Pregnant in Paris: that was me in 1970, with not a female relative in sight.
How could I prepare myself to give birth to my baby?
I took refuge in books on natural childbirth. And that’s when I discovered that ‘transition’ is a critical phase in the birthing process.
When the time came and after twenty-eight hours of hard labour I plunged into transition, everything went haywire. I no longer knew who I was, where I was, or what was happening. The long process of dilation of the cervix had come to an end. The stage of pushing had not yet begun. I was told that to push too soon was the worst thing I could do. So here I was, tossed around in the space between. I felt distressed and disoriented, completely lost despite all my preparations.
‘This is one of the most difficult phases of labour’, said Sheila Kitzinger, whose book was my favourite. She added, ‘This is the point in labour when you may forget that you are having a baby.’
What a remarkable thing to say! Do you know that feeling —of being so disoriented by change that you lose sight of what it’s all about, and the promise of delivery?
Fortunately, half an hour later something shifted, I began pushing hard, entering into the next stage with great relief. But in transition I felt completely out of control.
This bumpy spring
Do you ever wish that transitions could be less bumpy — more gentle and predictable perhaps? Here we are in the midst of a seasonal transition, and it’s anything but smooth.
It’s hard to tell. Now you see it, now you don’t. In this dance, or rather prance, winter seizes the ankles one day, pulling spring back into chilly blasts, and then a few days later, here is spring shaking off the interruption like a wet puppy and bouncing forward with a wagging tail.
Transitions, whether rough or smooth can be unsettling, bringing vulnerability and disorientation. Just as you become comfortable with one state of being, you are asked to move on. And you don’t know where you are any more. Your patterns and habits have been disrupted. Sometimes you just want to dig your heels in and stay put.
One woman posted this response to my last newsletter, ‘Waking up’:
I find I want to hide away at this time of year. The cycle of spring can be so powerful as nature emerges with her energy, the light so bright. . . My energy can be slow to rise from the solitude of winter and cosy fire warmth.
Do you ever feel like that, reluctant to step into the brightness of spring? On the other hand, maybe you are eager for newness, but just as you leap forward, you are knocked back and find yourself reeling like a newborn lamb in a snowdrift.
Transitions, whether we like it or not, are always happening. Transitions are part of life.
There are processes that can help. Childbirth instructors give breathing techniques. Another excellent strategy for any kind of transition is mindfulness: staying present, whatever the moment brings. And there is something else, that has supported people since ancient times.
Ritual provides structure, safety and solidarity. People have always ritualised the major transitions of life—and that includes the shifts between seasons: from planting to growing, harvest to fallow, or awakening to planting once more. Rituals bring families and communities together to dance, sing, join hands and cross the challenging thresholds of life.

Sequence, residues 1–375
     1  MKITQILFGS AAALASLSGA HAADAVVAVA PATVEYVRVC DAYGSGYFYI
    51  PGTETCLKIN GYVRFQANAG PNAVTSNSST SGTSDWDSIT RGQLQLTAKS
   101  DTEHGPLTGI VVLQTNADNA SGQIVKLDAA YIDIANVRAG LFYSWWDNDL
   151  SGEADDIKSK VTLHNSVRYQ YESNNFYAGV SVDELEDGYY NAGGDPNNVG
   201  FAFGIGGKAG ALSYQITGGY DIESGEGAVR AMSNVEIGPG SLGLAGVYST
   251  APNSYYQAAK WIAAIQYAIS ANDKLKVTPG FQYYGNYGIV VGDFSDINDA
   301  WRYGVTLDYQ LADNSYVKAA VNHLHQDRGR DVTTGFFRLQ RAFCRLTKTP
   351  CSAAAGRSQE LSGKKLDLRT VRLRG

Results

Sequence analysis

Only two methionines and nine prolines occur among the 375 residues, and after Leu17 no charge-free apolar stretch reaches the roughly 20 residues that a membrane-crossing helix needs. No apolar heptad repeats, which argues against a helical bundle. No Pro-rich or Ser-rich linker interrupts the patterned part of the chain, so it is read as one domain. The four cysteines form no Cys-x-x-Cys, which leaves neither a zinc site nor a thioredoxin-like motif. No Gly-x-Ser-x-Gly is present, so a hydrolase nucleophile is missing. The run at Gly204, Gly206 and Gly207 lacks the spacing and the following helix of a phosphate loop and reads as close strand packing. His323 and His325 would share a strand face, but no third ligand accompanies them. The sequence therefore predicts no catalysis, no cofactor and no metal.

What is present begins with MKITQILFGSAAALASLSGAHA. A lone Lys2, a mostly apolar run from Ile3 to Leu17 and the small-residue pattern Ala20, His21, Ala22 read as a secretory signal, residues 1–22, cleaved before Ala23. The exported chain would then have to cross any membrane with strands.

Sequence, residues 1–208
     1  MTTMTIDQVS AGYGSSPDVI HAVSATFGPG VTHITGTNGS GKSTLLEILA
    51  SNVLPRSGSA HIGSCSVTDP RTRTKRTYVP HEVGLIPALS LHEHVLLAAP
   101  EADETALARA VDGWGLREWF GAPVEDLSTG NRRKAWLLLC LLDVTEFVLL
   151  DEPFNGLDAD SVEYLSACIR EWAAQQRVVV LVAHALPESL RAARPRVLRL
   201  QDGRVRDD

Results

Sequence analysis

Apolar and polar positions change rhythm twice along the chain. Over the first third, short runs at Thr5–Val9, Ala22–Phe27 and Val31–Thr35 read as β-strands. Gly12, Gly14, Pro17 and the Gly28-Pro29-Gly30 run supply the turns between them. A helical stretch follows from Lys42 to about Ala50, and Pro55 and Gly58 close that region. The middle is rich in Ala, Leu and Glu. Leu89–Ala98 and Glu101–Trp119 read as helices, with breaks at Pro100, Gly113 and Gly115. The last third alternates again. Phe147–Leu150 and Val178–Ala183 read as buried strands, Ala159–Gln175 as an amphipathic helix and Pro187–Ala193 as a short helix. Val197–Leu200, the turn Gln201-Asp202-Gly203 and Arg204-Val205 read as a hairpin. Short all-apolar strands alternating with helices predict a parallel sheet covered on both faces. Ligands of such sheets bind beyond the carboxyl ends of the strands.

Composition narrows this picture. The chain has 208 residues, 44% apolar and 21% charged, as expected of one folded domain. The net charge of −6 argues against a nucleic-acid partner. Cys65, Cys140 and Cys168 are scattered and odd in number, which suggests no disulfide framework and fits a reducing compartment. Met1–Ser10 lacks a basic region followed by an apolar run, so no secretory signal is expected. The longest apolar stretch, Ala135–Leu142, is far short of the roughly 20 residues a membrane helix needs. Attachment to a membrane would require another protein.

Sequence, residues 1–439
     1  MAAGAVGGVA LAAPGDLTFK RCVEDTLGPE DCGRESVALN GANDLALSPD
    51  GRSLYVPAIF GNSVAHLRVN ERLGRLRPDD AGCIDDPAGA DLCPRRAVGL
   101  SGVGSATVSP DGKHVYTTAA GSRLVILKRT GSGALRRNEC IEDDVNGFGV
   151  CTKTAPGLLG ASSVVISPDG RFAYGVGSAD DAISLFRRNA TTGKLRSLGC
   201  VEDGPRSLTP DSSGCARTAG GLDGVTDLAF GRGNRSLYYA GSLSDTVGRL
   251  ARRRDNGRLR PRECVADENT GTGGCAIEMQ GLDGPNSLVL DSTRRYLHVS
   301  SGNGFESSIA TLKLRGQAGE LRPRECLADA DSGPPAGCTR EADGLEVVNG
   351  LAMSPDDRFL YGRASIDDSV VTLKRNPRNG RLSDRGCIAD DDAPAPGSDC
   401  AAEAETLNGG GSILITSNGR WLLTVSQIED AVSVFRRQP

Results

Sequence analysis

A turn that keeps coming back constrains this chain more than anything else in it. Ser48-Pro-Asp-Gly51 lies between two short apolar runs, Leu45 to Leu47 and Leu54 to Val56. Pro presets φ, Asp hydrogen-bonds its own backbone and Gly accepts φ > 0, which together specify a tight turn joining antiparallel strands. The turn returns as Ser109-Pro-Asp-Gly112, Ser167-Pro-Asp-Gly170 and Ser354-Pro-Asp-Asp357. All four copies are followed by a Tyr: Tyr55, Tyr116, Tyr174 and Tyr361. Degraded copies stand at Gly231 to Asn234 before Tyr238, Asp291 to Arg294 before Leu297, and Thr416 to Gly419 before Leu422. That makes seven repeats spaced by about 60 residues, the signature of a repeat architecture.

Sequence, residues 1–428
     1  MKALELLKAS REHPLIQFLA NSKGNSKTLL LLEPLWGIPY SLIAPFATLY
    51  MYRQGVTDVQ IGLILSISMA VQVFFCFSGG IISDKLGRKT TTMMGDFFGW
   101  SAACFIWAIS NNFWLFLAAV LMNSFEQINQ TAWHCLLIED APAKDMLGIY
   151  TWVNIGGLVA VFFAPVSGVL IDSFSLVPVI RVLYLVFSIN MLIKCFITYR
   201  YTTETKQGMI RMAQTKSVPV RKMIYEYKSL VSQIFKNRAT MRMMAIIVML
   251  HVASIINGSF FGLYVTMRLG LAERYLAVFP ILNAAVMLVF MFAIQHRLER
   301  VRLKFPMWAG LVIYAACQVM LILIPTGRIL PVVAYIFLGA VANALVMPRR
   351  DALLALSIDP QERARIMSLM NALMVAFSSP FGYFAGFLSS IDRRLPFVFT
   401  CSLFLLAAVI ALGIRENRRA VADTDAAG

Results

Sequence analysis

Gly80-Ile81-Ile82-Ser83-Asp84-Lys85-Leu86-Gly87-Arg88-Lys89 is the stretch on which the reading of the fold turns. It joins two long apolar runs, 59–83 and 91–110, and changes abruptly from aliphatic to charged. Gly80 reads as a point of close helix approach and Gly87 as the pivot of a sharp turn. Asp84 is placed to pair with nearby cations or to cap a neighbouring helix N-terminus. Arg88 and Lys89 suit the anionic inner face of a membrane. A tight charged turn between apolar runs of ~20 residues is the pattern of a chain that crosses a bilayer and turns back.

I describe such rituals in detail in my book Celebrating the Southern Seasons, which some of you know well. At Matariki, Maori welcome in a new year. At Te Koanga they plant kumara with rituals of chanting and offering. At Samhain, the Celts lit bonfires to light the way into the dark of winter. At Winter solstice, communities throughout Europe enacted fire ceremonies to align with the birth of the sun, almost as if not to notice, not to welcome in the sun’s return, might make it go away.
You too can ritualise seasonal change and personal transitions. If you can embrace these times rather than fighting them, you will find that transitions teach resilience.
Resilience, from Latin re, meaning ‘back’, and salire ‘to jump’, means to jump back into shape, to recover strength quickly. But, as I say in Dancing with the Seasons:
We don’t just spring back into unfounded optimism; we also spring forward into new responses and creative solutions, and discover qualities that may have previously escaped our notice. . . . Resilience is about flexibility, and the ability to ride the rhythms of life.
Rituals are the sacred holders of your times of transition.
Why ritual is important
Ritual can ease disruption by attending to your need to release, honour and move forward. In addition, ritualising your losses, joys and transitions opens you up to the spiritual dimension of life. To be held in sacred space during times of grief can bring comfort, safety and a strengthening of trust. In times of joy, sacred holding allows the heart to open to the heights of ecstasy and wonder.
To learn to create your own is to empower yourself, and to enrich your life immeasurably.
Keeping rituals alive
For ritual to be life-affirming, it needs to remain alive, and move with the present moment. Too little structure and a ritual can quickly lose its power. With too much structure, as in some prescriptive enactments, a ritual can become rigid and deadening.
With a balance of structure and creativity, rituals can express great wonder and create a profound bonding between group members. How do you achieve this?
In my online course, The Sacred Art of Ritual, I will guide you through the seven stages of a ritual, so that you can become grounded in the principles and learn to create simple rituals for yourself and others. Click this link to read more about finding the balance that works.
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